America's Cup: Old and New
 Talking with Geordie Shaver in Miami

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Going Forward: Geordie Shaver
Stars&Stripes Bowman Calls the Line

December 9, 2010

 
   
 
   
 
 

Geordie Shaver
Photo:©2010 CupInfo
 


Geordie Shaver at the Oracle RC44 Cup in Miami took time out from his commentary duties to talk with CupInfo's Cheeko Matsusaka about what the veteran sailor sees coming at the front of the boat, including changes for the 2013 America's Cup:

What can you tell me about the role of the bowman on these soon-to-be old boats?

ďOn the old boats, the first and foremost is the starting line sequence.  Heís responsible on the bow for the overlap relative to the other boat thatís a big one if the bow can swing or not, time and distance to the line.  Most of the software at the back of the boat these days is good.  They donít rely on the bowman that much, but at the end of the day most helmsmen will rely on that bowman for the last 20 seconds.  So, like I said to the guys in the back of the boat, Iíve been sailing for 40 years,  I donít care if you donít look at me for the rest of the day, just give me the last 20 seconds just before the start because if Iím over early, itís egg on my face, not the computerís.  So thatís the first big responsibility.

ďAnd then also it depends.  Most bowmen are only as good as their pitman, the guy in the back whoís handling the strings that go up and down, because youíre moving a lot of halyards around fore and aft.  Youíve got a good pitman, youíre on the same page -- and youíre running the foredeck. 

ďSome guys I know like Josh Belsky, he likes to run the foredeck right from the pit.  When I sail with Josh, we have a bit of a clash. We sail well together, but you have me, with a bowman, with my career, I always like to run the front of the boat.  In other words Iím responsible for the front of the boat, so I like to make my decisions based on the two guys with me, the mastman and the bowman in front.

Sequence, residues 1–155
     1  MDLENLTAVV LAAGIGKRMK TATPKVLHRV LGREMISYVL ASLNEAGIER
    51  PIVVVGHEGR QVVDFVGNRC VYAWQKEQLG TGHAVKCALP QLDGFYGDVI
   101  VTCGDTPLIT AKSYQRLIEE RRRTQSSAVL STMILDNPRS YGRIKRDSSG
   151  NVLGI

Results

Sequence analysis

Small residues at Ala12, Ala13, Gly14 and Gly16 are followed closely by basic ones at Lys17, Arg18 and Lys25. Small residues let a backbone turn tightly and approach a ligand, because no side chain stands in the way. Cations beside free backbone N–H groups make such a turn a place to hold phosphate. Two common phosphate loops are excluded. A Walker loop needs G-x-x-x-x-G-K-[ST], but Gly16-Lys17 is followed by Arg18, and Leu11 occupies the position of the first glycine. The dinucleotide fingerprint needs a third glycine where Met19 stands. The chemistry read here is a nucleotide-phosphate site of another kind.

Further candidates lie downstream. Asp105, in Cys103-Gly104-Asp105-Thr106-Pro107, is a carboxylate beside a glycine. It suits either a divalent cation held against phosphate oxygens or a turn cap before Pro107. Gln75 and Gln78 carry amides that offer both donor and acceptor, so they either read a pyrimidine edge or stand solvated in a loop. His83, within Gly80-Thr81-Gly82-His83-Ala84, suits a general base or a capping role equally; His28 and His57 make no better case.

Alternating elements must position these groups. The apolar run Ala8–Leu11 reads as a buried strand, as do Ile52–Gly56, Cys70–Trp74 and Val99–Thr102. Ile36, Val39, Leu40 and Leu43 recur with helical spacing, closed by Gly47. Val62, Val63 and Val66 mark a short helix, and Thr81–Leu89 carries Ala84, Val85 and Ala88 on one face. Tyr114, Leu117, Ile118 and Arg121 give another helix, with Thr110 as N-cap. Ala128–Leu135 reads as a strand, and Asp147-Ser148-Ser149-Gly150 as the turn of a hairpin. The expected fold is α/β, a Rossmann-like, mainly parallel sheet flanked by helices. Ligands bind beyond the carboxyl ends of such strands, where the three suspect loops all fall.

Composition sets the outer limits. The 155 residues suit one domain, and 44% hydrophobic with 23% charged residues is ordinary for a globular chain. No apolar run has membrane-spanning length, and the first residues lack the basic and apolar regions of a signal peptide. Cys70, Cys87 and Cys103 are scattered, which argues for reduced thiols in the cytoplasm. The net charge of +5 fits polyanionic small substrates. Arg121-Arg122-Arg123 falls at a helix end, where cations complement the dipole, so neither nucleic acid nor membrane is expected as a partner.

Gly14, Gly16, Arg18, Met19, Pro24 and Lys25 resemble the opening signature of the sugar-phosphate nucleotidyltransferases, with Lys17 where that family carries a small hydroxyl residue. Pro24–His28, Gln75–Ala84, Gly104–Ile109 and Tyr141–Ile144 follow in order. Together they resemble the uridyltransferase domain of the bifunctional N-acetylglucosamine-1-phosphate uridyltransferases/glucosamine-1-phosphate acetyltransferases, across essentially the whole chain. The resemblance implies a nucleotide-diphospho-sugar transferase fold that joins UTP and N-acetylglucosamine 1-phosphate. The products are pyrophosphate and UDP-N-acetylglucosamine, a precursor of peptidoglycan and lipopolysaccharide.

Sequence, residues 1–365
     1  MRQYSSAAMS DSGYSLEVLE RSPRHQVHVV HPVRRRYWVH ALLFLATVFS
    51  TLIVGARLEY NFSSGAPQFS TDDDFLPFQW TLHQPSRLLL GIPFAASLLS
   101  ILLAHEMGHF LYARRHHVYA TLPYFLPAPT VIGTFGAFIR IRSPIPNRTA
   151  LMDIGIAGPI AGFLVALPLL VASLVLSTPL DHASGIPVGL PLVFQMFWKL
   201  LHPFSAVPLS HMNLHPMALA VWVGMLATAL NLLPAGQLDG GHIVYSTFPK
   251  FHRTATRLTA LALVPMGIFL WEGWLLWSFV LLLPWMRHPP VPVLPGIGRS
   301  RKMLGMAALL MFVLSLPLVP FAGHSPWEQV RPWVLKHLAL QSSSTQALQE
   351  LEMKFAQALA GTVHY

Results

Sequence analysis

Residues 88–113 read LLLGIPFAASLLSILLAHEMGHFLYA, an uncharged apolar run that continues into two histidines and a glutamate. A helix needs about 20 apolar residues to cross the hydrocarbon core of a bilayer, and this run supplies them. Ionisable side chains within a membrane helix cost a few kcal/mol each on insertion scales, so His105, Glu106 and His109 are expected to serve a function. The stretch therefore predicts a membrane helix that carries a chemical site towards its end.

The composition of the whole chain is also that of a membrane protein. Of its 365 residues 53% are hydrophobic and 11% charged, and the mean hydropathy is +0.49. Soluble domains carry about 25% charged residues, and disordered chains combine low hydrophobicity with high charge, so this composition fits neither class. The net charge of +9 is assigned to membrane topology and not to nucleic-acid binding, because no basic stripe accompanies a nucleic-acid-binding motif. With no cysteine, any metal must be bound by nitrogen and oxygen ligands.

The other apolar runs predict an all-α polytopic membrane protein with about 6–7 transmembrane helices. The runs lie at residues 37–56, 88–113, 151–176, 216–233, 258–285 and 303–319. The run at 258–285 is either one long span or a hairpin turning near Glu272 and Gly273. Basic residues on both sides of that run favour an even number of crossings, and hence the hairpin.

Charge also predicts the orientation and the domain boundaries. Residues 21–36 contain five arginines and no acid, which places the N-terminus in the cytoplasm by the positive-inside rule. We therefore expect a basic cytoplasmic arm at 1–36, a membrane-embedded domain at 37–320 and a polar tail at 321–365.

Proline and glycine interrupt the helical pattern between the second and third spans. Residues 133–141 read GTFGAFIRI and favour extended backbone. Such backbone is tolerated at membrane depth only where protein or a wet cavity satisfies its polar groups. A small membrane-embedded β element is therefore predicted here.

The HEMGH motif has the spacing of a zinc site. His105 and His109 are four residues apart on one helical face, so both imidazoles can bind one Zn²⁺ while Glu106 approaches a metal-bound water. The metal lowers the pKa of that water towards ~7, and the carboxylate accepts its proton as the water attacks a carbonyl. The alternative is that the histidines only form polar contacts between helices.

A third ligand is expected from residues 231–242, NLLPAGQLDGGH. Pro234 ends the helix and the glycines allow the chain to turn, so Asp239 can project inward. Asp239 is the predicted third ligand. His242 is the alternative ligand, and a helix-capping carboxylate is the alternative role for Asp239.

ďSo, depending on your style, some guys like to get talked to from the back.  I like to talk aft and tell them what we're on, and I think once you get some respect in the business and people realize that, then they tend to trust you more.  Itís just like anything.

ďThose are the big responsibilities, and the sets and drops obviously, and youíre responsible for all the string lines, all those things.  Iím old enough to remember when there were no string lines.  There was just a main -- it would drop.  These days with string-line systems, itís a no-brainer.  You hook the thing up and you let it go, and itís just a little coordination between everybody on the boat for the halyard, the tacks, and the sheets.Ē

How do you see the bowmanís job changing with the new boats for the Americas Cup?

ďThe foredeck, as far as the role of the bowman, heís still going have a lot of responsibility because theyíre still going to be using gennakers off the breeze, I do believe, as they did on the trimaran and catamaran this time around.

ďAt high speeds on the netting, I havenít done it myself.  Iíve been involved in a little bit of it, but not like a lot of the guys like Brad Webb and the guys in the Oracle boat dealing with the bigger boats (Extreme 40s or 40-foots).  But these are going to be 72 feet, so the bowman is going to have his hands full.  And those high speeds create a lot of apparent wind and to be able to get these big roller-furl gennakers up -- youíre dealing with roller furlers at the front of the boat -- itís going to be a handful for these guys to do in any kind of seaway and at that pace.  Also, youíve got a net to store the thing on, but everything is exposed and youíre going at higher speeds.Ē